LITTLE CURRENT – Men’s mental health is frequently not discussed as often as other aspects of the health ecosystem, something Mnaamodzawin Health Services is attempting to combat with next week’s one-day conference featuring Métis author and former NHL player Theo Fleury.
“Men are an underrepresented population in mental health. I find too that males don’t always acknowledge any type of mental health issues because it’s still seen with a stigma. Theo Fleury is kind of the poster child for men’s mental health,” said Mnaamodzawin Health Services’ allied health manager Rebecca Milne.
Men’s Mental Health Day is on Tuesday, October 8 at the Manitoulin Hotel and Conference Centre in Little Current. The one-day conference is offered free of charge and includes a lunch, though pre-registration is required.
Mr. Fleury (whose full first name is Theoren) is a former NHL all-star, a Stanley Cup winner and the holder of an Olympic gold medal. He grew up with parents who struggled with substance abuse and experienced sexual abuse during his adolescence.
These two major factors left serious scars on his life and he turned to alcohol and drugs as a coping mechanism. In the midst of a flourishing hockey career, his substance abuse ultimately ended his long streak of athletic success and led to his retirement from the league.
His substance abuse and mental health deteriorated to a defining moment when Mr. Fleury found himself on the precipice of suicide. Rather than ending his life, Mr. Fleury vowed to heal from his past trauma and begin sharing his experience in the hopes that others may find the courage to admit to their own struggles if he could pave the way.
Mr. Fleury’s autobiography ‘Playing with Fire’ came out in October 2009, through which he admitted to his past sexual abuse at the hands of a former coach. That book has since been adapted into a one-man play and he has been featured in an HBO documentary.
He has since co-authored another book, ‘Conversations with a Rattlesnake: Raw and Honest Reflections on Healing and Trauma,’ with therapist Kim Barthel.
“Mnaamodzawin seeks to bring both Indigenous health and traditional health to the five First Nations we serve on Manitoulin Island,” said Ms. Milne, who added that her agency’s last men’s mental health initiative was a few years back and involved travelling presentations to its five First Nation partners.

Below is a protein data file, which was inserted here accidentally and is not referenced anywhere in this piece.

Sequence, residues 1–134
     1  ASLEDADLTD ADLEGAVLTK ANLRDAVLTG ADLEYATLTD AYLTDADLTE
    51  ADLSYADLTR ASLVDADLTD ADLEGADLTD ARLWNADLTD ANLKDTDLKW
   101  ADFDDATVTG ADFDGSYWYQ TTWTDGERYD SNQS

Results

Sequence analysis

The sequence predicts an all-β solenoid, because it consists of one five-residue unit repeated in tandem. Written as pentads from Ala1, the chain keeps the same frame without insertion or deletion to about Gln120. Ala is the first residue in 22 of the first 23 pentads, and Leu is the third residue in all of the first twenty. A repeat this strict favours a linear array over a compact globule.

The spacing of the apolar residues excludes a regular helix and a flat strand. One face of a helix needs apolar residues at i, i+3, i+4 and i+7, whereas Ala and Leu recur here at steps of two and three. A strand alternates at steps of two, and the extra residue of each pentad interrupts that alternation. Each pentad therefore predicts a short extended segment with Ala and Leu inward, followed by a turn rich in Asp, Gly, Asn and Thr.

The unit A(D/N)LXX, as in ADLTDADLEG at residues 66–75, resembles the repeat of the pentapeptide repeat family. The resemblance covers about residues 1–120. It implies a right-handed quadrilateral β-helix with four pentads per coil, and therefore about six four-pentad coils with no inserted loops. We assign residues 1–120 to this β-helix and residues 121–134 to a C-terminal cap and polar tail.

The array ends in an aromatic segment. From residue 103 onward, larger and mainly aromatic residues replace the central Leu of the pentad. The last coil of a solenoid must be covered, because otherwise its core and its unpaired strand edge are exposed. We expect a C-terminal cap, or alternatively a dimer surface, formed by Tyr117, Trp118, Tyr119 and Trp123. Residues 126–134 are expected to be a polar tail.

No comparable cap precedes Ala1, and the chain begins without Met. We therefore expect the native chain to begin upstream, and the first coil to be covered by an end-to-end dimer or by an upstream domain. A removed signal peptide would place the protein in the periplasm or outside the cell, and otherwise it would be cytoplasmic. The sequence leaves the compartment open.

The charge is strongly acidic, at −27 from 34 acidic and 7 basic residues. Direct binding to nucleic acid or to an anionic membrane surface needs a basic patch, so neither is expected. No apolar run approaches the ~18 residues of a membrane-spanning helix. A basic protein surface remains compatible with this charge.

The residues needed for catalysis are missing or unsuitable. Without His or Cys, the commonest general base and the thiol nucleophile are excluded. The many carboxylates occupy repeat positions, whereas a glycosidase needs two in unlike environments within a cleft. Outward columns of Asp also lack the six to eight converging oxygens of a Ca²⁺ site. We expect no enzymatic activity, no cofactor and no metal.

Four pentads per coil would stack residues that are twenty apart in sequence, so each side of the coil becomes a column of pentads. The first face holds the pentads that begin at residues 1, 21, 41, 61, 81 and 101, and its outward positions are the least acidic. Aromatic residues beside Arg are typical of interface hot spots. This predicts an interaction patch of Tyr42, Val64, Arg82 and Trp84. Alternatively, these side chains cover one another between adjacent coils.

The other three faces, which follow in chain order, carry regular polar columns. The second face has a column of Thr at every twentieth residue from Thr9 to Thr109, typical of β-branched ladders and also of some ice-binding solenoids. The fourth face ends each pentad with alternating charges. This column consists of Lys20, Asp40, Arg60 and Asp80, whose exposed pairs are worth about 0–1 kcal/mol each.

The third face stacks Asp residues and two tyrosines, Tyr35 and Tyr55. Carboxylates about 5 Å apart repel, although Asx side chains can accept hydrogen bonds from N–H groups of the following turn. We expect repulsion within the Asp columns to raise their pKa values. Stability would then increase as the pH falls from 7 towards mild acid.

When she joined the agency recently she was asked to resurrect the event for one location, offering something that would draw men to wish to participate.
“Women, I find, are more apt to socialize (at conferences) than men. Theo was on my list, I reached out to find out if he was available and he said it would be perfect. I’ve had an overwhelming response,” said Ms. Milne.
This event is designed to reduce the stigma surrounding mental health issues.
“Everybody has some sort of issue, whether it’s something major or something minor. We want to show them to not be afraid to talk to people about it. Whether it’s just a friend or co-worker, or if it’s something more major and they need to see a counsellor, that’s completely fine—there’s nothing wrong with that. Everybody needs a little help now and then,” she said.
Ms. Milne said the young generation of current adolescents has been increasingly grasping the importance of seeing counsellors and talking about their own mental health. She has seen similar growing trends in elders who are coming out more for the same purpose.
“I find that it’s the category of men between age 30 and 50 that are very underrepresented,” she said, extending her encouragement that those individuals come out to the event.
A door prize will go to one lucky attendee and Mr. Fleury will have copies of his books available for sale and signing. Mnaamodzawin will also have booths with some of its own workers on hand, including its diabetes prevention workers and community health nurses. Mnaamodzwawin will also be bringing its mental health counselling team as a service for anyone who needs support due to the sometimes-difficult discussion topics.
“We’re just trying to promote the awareness of mental health. It’s actually in Mental Health Week that we’re hosting the event,” said Ms. Milne.
Anyone interested in taking part in the event is strongly encouraged to contact Mnaamodzawin Health Services at 705-368-2182 or visit its website at Mnaamodzawin.com to pre-register. More than 90 people have signed up for the conference as of last week.
“It’s been going really great. I’ve been really amazed at the numbers coming in,” said Ms. Milne.